The world as playground

The wheel was virtually invented to be a child’s toy. The Trojan horse allowed into town to keep the children from crying. The earliest inscribed tablets were about children. It all started with children, and will continue with children.

Turkish Airlines flies the most advanced planes known to science, the most advanced planes of our age. When you fly, you are in a craft which is a miracle of human creation, exhibiting all the marks and inventions of civilization. And don’t forget either that the thing that is going to take you to the place you want to go is none other than the wheels in the belly of the plane. The wheel which is regarded by many men of science as the starting point in the process of human enlightenment. But really, why did man invent the wheel? Did he have a cart to attach it to?

The wheel was born as a toy! Children played with wheels and rolled hoops for centuries. Only much later did mankind discover the wheel’s carrying power and, thanks to that, embark on a quest that would culminate in the airplane you are flying on today! 

When we look out the window with the eyes of children, we invent stories that are very different and very far from the world of grownups, as in the case of the wheel. Why do you think the Trojans allowed into their city a wooden horse harboring enemy soldiers that would wreak disaster on their towns? The reason is quite simple: they couldn’t bear to hear the children crying! The children of Troy wanted to play with the horse, and their mothers and fathers could not resist their pleas. There’s always a child smiling or crying in at least one of the many snapshots we take on trips. Most likely totally oblivious to the fact that his photo was being taken. So can we adults just for once look at history, nature and life through their eyes?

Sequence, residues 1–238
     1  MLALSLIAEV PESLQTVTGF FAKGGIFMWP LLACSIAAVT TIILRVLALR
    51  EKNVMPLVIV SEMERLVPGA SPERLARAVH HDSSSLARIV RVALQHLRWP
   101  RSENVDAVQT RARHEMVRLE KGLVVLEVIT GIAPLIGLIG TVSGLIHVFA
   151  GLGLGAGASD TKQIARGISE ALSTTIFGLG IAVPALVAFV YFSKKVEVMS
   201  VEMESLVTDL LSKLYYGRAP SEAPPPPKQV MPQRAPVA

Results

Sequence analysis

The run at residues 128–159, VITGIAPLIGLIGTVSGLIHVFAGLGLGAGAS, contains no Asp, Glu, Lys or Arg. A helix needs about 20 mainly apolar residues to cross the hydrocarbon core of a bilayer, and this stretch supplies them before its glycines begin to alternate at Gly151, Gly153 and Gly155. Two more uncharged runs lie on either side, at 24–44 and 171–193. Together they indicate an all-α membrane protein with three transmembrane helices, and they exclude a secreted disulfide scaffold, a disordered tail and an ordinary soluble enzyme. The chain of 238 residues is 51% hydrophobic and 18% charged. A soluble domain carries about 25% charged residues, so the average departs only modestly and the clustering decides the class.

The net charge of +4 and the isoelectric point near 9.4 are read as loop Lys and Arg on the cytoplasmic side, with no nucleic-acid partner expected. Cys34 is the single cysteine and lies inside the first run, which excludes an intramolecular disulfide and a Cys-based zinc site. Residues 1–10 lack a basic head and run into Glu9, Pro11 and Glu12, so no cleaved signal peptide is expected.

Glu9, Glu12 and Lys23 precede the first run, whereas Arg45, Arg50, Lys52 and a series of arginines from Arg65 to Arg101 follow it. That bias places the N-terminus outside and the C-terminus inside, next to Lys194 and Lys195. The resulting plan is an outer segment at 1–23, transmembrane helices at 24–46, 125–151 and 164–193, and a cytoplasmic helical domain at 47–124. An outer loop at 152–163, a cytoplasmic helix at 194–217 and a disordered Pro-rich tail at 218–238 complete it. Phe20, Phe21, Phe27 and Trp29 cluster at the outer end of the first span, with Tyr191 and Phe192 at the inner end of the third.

The history of thinking about and trying to understand children and childhood is very new to us adults. In the Middle Ages a child was considered an infant to  age seven, and after that a smaller, adept copy of an adult. The French thinker Jean Jacques Rousseau suggested in his work ‘Emile', published in 1792, that a child was a being in and of itself with a unique psychology very different from that of an adult. According to Rousseau, every child was like a wild flower growing independently in nature. When we bring together photographs of children taken in the different countries of the world, we see that the French scholar was spot on. No matter how different the colors, smells, and clothing of the children in those photographs, each one is a flower, a flower exhibiting all the beauty and richness of the land and culture in which he was raised.